Christianity doesn’t always do well with suffering.  We usually greet it with a host of trite platitudes that never rise above the wisdom of a bumper sticker.  “You know, Elijah,” I can imagine someone saying, “God never closes a door without opening a window.”  Such statements, however well intended, fall flat in the face of those whose pain—like still waters—runs so deep no tears can seem to breach the surface.

We will explore more of what Elijah is going through in the days ahead.  For now I want us to sit and reflect on this story in all its rawness.  Live long enough, and you will bleed.  You will experience seasons in which you will wish you’d never been born.  You may even experience seasons where—like Elijah—death seems your only escape.

Suffering rips away the rose-colored lenses we wear and confronts us with the brute reality of the world.  Eljiah was at what seemed to be the losing end of a culture war.  He was despised, he was hunted.  His success—of which he’d had a lot—could sustain him no further.

In other words, Elijah is a lot like Jesus.

The story of the cross is, indeed, a story of God’s victory over sin, just as the story of the resurrection is a story of God’s victory over death.  But there, on the hillside known as Golgotha, we find the God of the universe hanging there in what the ancients knew to be the most wretched and shameful of deaths.  It is there that the relationship between Father and Son is strained past the point of breaking as Jesus cries, “My God, my God; why have you forsaken me?”  On the cross, Jesus experiences more than just death.  He experiences rejection.  He experiences ridicule. He experiences shame.   Through the cross, Jesus becomes the ultimate paradox: the God-forsaken Son of God.

Look at the story of Elijah again.  What do you notice?  For me, one of the things I notice is the absence of any sort of condemnation.  We might be tempted to respond to suffering by saying—to others or even ourselves—Don’t feel that way.  Cheer up.  It’ll get better tomorrow.  We might even be expecting God to give Elijah a hard time, as though he’d given up so easily.  But he doesn’t.  He feeds him—twice, as a matter of fact, sustenance for a forty-day journey ahead.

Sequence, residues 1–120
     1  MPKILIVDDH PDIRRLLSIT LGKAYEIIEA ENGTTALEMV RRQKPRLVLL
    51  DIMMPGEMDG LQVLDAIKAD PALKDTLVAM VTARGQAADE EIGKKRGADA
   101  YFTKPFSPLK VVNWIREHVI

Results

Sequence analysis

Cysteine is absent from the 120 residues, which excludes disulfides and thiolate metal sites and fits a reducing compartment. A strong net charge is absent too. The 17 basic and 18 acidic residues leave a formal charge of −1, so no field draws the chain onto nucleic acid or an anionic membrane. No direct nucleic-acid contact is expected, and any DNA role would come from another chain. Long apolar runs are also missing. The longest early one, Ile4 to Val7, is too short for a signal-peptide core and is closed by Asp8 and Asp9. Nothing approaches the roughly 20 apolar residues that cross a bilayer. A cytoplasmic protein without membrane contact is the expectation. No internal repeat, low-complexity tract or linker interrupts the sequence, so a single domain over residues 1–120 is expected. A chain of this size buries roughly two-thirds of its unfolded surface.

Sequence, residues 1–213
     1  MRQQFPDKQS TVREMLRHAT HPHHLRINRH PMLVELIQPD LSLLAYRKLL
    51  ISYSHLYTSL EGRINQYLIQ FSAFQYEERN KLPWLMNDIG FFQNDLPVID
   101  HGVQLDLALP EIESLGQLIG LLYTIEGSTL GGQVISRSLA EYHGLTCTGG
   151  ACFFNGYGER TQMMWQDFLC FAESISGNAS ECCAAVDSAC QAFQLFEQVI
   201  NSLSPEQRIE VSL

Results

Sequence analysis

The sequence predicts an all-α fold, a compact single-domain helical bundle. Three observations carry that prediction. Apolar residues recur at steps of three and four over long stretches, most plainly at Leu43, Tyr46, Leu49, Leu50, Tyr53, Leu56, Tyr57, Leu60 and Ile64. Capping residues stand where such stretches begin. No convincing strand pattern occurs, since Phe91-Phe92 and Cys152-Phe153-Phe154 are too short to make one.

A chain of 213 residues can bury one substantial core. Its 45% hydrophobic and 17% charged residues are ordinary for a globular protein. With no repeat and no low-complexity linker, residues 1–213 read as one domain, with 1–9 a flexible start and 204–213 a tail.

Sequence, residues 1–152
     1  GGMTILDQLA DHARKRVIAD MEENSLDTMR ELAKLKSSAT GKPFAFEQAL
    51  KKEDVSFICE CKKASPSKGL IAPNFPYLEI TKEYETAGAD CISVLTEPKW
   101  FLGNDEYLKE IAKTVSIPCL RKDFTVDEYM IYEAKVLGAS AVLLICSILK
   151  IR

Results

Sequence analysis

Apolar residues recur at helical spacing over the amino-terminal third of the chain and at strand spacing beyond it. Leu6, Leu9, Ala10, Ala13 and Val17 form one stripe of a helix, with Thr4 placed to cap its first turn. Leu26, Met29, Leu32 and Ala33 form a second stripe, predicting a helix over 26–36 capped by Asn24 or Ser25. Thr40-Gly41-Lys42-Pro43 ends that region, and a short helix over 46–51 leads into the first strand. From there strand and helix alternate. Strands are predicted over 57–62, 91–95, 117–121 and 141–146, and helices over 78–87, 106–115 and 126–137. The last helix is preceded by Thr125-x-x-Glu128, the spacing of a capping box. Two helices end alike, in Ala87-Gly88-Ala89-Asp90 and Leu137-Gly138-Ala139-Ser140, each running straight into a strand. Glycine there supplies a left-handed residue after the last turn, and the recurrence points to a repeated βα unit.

The gospel doesn’t attempt to wrest suffering away from us.  It reminds us that we have been provided for in the best way possible.  God provides blessings, he provides nourishment.  And most of all, he provides himself.

In the sixteenth century, Martin Luther wrote extensively on more topics than we might care to count.  But one theme that surfaces in his writings again and again is what we would call his “theology of the cross.”  For Luther, to “carry the cross” means something more than mere escapism or denial of life’s truest pains.  In fact, Luther would regard suffering as inevitable—but bearable, because of what Christ has already done for us.

In his famous “Sermon at Colberg,” Luther wrote:

“What makes this cross more agreeable and bearable for us is the fact that our dear God is ready to pour so many refreshing aromatics and cordials into our hearts that we are able to bear all our afflictions and tribulations….When the suffering and affliction is at its worst, it bears and presses down so grievously that one thinks he can endure no more and must surely perish.  But then, if you can think of Christ, the faithful God will come and will help you, as he has always helped his own from the beginning of the world; for he is the same God as he has always been.”

In the wilderness of our pain, God is indeed “the same God…he has always been.”  Jesus is enough for us—yesterday, today, and forever.

If you are in deep pain right now, take heart.  Cling to Jesus.  Participate in Christian community.  Worship—even if all you can sing is the blues.  And for those who might even be in a place of considering suicide I say only this: there’s not a soul on earth that would be better off without you.

God is good.  God provides.  And through the cross God also teaches us to suffer well.